Sean Fennessey

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Ciara's Fantasy Ride: Um, So, Where Is It?

Ciara feat. Justin Timberlake: "Love Sex Magic"
from the forthcoming Fantasy Ride


Ciara feat. Young Jeezy: "Never Ever"
from the forthcoming Fantasy Ride


Ciara feat. T-Pain: "Go Girl"
from the forthcoming Fantasy Ride


Ciara feat. Ludacris: "High Price"
from the forthcoming Fantasy Ride


Ciara: "Work"
from the forthcoming Fantasy Ride


Ciara appeared on the cover of VIBE's October 2008 issue. That was six months ago. Her then-manager, Philiana Williams, visited the VIBE offices in June 2008. She came with four tracks from her client's forthcoming album, Fantasy Ride, including the above "High Price" and "Work," produced by Tricky Stewart and The-Dream, and Danja respectively. Fantasy Ride was pitched as three-disc set, comprised of Groove City, Crunktown, and Kingdom of Dance, each disc representing a different side of the singer's personality. From where we sat, each disc represented the only side of Ciara: dancing. Still, the berserk "Work" and psycho-opera "High Price" blew away many members of our staff, myself included, and the two-time cover girl was on her way to her third.

One year later, Ciara has changed managers (to Justin Timberlake's famously savvy Johnny Wright), ditched the three-disc conceit, and released three unsuccessful singles, all above. The latest, "Love Sex Magic" comes courtesy producers Timberlake and The Ys. J.T. has been spending more time producing these days, often borrowing Timbaland's disco slither, if not his bottom-heavy percussion. This song is no exception; it's all swirl, no punch. Ciara, singing in a pinched soprano, offers little personality. Gone is the warm, sensual meow from 2007's "Promise" replaced with robo-diva, late-period Janet Jackson chat-singing.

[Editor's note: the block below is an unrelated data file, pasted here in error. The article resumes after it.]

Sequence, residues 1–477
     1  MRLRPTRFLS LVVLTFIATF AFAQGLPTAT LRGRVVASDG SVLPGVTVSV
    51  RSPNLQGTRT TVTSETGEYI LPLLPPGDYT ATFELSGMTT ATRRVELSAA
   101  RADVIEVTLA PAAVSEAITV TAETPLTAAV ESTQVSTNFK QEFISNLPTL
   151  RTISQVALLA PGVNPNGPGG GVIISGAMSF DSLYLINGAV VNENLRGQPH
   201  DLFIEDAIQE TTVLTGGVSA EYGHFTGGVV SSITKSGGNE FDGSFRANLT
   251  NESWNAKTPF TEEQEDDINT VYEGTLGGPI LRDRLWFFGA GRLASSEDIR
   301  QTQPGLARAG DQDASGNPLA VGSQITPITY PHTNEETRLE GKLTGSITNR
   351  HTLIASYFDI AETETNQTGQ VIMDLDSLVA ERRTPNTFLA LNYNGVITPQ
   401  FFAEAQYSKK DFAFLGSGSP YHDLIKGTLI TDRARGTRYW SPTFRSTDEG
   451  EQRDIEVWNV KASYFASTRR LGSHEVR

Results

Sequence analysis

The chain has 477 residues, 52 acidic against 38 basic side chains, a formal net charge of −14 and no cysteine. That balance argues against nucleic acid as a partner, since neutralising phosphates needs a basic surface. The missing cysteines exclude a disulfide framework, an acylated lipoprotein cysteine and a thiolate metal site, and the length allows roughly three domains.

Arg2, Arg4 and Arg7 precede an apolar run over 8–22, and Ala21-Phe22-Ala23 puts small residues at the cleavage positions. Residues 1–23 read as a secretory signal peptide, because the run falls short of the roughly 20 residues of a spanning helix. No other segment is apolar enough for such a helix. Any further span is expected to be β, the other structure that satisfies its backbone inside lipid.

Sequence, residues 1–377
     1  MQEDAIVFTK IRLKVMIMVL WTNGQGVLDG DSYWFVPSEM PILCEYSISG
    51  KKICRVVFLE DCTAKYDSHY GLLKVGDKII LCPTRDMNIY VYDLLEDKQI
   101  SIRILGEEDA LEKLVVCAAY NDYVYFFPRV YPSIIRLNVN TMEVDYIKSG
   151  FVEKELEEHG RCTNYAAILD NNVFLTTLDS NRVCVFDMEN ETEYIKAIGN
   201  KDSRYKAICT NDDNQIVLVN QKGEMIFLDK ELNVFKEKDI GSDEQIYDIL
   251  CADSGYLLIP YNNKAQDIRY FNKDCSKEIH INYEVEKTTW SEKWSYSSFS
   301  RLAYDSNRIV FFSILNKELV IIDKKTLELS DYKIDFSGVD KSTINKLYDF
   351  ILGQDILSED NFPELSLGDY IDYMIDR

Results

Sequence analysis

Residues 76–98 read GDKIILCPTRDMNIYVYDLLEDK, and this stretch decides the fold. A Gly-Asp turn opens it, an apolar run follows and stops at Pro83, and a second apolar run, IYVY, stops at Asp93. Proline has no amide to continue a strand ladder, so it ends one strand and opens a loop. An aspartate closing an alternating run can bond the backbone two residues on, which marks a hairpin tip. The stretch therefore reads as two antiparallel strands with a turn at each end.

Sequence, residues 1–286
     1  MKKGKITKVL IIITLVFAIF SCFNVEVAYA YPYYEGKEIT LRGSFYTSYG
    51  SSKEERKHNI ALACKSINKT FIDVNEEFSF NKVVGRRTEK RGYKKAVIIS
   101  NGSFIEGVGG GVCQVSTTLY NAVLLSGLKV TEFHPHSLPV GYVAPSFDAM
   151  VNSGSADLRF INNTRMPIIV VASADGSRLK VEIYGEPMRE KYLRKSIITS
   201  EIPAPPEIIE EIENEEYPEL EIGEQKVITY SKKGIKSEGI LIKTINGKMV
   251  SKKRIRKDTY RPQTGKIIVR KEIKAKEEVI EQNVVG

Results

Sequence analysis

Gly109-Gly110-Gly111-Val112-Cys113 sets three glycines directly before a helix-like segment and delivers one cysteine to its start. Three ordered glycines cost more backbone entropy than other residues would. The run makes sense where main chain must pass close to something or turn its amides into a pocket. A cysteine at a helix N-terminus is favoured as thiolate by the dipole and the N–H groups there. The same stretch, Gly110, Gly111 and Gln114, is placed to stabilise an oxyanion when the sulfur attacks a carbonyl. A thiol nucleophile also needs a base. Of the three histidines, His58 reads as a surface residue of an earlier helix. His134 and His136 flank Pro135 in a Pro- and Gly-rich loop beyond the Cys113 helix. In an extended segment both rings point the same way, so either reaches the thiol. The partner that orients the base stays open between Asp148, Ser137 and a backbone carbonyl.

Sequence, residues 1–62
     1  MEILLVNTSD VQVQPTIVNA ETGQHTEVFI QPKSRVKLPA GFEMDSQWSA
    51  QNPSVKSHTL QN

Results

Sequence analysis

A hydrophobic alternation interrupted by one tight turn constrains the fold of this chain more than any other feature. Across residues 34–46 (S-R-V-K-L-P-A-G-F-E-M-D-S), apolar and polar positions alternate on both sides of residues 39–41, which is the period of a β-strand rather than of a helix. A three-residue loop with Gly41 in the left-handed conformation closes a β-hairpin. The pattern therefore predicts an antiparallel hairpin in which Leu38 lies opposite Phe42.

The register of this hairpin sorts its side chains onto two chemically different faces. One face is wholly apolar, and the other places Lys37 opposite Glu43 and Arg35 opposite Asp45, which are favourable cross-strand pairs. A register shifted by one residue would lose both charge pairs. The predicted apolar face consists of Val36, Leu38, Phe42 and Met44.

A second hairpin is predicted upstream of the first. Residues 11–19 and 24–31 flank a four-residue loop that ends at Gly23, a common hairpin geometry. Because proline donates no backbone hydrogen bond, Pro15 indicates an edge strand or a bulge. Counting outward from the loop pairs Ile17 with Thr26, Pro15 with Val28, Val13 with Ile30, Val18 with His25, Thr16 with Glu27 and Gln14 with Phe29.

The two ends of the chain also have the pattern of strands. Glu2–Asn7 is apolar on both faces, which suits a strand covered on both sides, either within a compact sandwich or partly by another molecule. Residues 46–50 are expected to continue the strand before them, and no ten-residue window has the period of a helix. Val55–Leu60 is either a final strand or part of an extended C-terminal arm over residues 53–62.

"Promise" producer, Polow Da Don, reunited with the singer for "Never Ever," her second attempt at a hit, but that wasn't the one either. To say re-appropriating Harold Melvin and the Blue Notes' 1972 "If You Don't Know Me By Now" for the chorus was a mistake is to understate things. And though Jeezy shows up to add a little oomph (Polow seems to be the only pop/R&B producer he's comfortable with) there's no there there. It stalled at no. 72 on Billboard's Hot 100.

The first, officially-released single, "Go Girl" made more sense in its original incarnation, "Hood Girl." But it was softened to the head-scratching "Go Girl," a phrase that failed to catch on. The song--classic T-Pain bounce, a soft-sheen sequel to Chris Brown's "Kiss Kiss"--was catchy enough to land at 69 on our 80 Best of '08. But despite that, an expensive-looking video and some unfortunate attempts to integrate Rihanna's cold, vamping strut into her oeuvre, the song peaked at 78.

And there's been a whole lot more: According to my iPod, 19 potential album tracks have been leaked into the world since last summer. Last week the album was bumped again--for the 8th time, by my count--from April 7th to May 5th. I can remember nearly a year ago, hearing "High Price" for the first time, feeling like CiCi might have a new school Rhythm Nation in her. What a difference a year makes.

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